Lawmakers hear from PEF on budget for public protection
Story and photo by DEBORAH A. MILES
After listening to state commissioners, presidents of other labor unions and directors of organizations testify about their budget needs in relation to public safety, PEF had an opportunity to voice its concerns.
It was late in the evening January 31, and the hearing room at the Legislative Office Building in Albany had only a handful of interested people remaining in the seats. But the state senators and Assembly members gave their full attention when Victor (Tony) Perez, a former council leader of PEF Division 236 and a senior parole officer, testified before the chairs of the joint Ways and Means Committee, Assemblyman Herman Farrell, Jr. and state Senator Catharine Young.
Perez was accompanied by Steven Drake, PEF’s labor-management chair for the state Department of Corrections and Community Supervision.
Perez explained to the lawmakers the vital need for more parole officers (POs), as the average caseload of a PO is 55 parolees.
“Approximately 64 percent of parolees that are released to community supervision and remain under parole supervision are violent felony offenders. There will never be enough time to dedicate to these individuals, who are in need of more supervision because of their violent history.”
Perez shared facts such as how the number of POs has declined from more than 1,000 in October 2000 to 750 today. His testimony reflected on the COMPAS (Correctional Offender Management Profiling for Alternative Sanctions), a risk assessment tool, and the RESET (Recidivism Elimination Supervision Enrichment Teams) program, saying that money invested in them is not as results-driven when it comes to exercising power over someone’s freedom and the conditions that keep them free.
“The implementation of the COMPAS system has not resulted in any reduced recidivism,” Perez said. “If we are truly serious about putting our resources in a place where we could reap the most benefits, save the most lives and protect the community, let’s invest in people whose job it is to assist those who transition from prison to society.
“It is the parole officer who helps and counsels a former inmate to follow through on a rehabilitation program, job search, getting needed benefits or an education. It is the PO who gets a parolee off the street because he has become a danger to himself or to the community in which he lives. A parole officer is an integral part of every community and the person everyone comes to when all else has failed.”
Perez said the 2017-2018 Executive Budget proposes new programs for early releases of inmates to community supervision, but does not provide any new funding for more parole officers to supervise them.
“Instead, the budget contains provisions to reduce parole time by one-half for parolees who had not violated their parole for six months. Many times, it is a wrongful assumption that the parolee is doing well,” he said.
Perez concluded his testimony pointing out how easily the state came up with $25 million to pay for overtime when two prisoners escaped from Clinton Correctional Facility.
“It just goes to show you monies can be found if we make it a priority.”
Penny Howansky, PEF Division 357 council leader and an information technology specialist manager at the state Office of Information Technology Services (OITS) testified next. Jeffrey Smith, a PEF Executive Board member and assistant council leader, was at her side.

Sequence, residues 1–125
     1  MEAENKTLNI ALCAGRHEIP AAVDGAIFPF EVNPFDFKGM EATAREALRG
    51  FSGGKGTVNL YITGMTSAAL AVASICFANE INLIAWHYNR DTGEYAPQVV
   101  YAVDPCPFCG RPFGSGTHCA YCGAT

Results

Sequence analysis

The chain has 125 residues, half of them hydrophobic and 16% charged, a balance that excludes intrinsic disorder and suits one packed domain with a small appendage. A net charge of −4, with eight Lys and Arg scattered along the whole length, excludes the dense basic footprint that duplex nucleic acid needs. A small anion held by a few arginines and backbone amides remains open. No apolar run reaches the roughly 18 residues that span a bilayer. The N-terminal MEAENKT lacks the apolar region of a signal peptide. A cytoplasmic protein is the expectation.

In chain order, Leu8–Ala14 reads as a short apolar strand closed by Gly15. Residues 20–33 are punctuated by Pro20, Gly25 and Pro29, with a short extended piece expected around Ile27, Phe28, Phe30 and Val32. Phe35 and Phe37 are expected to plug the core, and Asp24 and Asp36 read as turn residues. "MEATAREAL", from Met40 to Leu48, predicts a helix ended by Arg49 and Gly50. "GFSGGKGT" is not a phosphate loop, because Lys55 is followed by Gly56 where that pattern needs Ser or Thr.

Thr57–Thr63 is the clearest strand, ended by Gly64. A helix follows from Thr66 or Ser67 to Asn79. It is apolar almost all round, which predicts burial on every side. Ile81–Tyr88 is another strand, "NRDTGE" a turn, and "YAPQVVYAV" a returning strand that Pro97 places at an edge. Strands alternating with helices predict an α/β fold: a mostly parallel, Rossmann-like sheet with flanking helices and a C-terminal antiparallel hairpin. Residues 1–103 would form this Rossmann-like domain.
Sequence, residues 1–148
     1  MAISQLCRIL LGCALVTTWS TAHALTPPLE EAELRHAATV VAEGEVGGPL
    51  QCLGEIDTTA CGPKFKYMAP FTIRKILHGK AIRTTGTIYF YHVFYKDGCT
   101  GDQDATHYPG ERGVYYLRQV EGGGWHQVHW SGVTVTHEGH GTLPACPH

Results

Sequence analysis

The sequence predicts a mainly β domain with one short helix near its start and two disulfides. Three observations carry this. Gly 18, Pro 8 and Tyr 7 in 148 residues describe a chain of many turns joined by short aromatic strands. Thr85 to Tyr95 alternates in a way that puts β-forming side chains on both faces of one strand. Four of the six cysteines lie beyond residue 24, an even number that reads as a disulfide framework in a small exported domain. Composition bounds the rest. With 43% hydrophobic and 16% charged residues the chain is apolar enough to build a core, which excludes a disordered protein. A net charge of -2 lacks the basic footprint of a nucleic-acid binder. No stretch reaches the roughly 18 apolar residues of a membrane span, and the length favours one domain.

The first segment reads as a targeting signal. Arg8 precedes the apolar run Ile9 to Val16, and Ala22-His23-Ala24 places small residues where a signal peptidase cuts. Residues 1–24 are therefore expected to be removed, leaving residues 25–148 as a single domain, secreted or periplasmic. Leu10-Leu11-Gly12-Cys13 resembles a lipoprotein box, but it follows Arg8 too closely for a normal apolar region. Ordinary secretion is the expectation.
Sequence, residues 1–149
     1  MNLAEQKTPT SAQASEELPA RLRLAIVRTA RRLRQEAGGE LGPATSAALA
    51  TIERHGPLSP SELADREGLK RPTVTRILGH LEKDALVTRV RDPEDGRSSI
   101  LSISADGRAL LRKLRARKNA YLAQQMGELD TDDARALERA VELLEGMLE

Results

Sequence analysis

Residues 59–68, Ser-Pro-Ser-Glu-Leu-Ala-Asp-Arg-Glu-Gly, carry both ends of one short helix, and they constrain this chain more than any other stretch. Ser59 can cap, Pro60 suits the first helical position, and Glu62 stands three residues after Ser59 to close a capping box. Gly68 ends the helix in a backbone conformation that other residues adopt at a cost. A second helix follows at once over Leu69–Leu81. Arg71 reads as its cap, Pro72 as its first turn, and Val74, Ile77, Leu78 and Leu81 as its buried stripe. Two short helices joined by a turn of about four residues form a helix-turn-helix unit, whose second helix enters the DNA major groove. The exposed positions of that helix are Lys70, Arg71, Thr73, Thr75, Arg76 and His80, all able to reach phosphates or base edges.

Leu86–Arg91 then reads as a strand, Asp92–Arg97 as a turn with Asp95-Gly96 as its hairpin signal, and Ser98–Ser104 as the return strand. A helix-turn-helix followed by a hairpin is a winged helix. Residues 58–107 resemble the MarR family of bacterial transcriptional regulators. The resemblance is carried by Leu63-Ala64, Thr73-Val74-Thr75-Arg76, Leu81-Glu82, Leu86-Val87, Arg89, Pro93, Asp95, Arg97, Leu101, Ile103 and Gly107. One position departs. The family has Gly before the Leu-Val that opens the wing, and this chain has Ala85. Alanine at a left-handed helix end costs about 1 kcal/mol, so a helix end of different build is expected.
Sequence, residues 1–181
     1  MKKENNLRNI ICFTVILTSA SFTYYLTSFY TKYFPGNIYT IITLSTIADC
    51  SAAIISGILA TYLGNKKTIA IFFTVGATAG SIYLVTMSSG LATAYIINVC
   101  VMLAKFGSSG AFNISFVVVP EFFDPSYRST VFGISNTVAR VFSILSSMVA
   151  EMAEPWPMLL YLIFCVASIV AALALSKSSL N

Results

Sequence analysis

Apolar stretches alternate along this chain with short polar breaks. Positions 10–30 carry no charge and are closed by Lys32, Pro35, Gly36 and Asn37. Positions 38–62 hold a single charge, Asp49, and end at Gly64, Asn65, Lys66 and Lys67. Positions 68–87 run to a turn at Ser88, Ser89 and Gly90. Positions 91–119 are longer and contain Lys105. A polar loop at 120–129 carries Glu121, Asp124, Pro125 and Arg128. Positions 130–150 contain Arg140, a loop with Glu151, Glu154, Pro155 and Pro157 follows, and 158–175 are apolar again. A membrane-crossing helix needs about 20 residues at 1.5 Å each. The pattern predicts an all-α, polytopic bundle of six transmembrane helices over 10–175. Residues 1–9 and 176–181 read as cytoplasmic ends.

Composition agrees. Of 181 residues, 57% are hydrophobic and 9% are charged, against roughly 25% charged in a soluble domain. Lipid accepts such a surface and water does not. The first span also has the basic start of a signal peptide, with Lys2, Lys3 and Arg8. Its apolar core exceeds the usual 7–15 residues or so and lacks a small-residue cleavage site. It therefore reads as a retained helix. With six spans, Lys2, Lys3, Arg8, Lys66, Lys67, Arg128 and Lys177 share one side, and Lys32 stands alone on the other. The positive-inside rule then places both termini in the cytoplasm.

Howansky, due to time restraints and the number of people testifying that day, asked that her written testimony be carefully read. Instead, she effectively talked about the quality of the state workforce at OITS.
Howansky refuted a comment made by Lola Brabham, acting head of the state Civil Service Department, who said at a previous hearing, “The state workforce doesn’t always have the cutting-edge skill or the talent” required for some specialized OITS tasks.
“I can tell you we have an extraordinary and talented workforce, and our members have been providing excellent services for years. The agencies that were not included in the transformation such as the Office of the State Comptroller, SUNY and others, don’t complain about their IT service or skills necessary to provide services to the state. These offices are using the same PEF workforce, people who came up through the civil service merit-and-fitness system, not consultants,” Howansky said.
The crux of Howansky’s comments revolved around the special expertise (SE)required for upper level positions that OITS has planned for 250 consultants, resulting in a lack of career mobility and promotional advancement for PEF members.
Margaret Miller, OITS director, who testified earlier that day, was grilled by state Sen. Diane Savino, who questioned the reasoning of hiring consultants, instead of people through the civil service process. Miller stated she needed to fill middle-level positions due to retirements and said the consultants have an understanding of state systems.
Howansky added that OITS has proposed a training budget of $2 million. But only $313,000 will actually go to training. The remainder of the money will be spent on salaries and benefits.
“We implore you to look carefully at the OITS budget proposal and help ensure the adequate investments are made in the state workforce and in safeguarding the jobs and livelihoods of citizens who fill these positions,” Howansky said.
At the conclusion of PEF’s turn, Young complimented Perez and Howansky for their well-conceived and enlightening testimonies. View video here:
THeCOMMUNICATOR – March 2017 Contents – PDF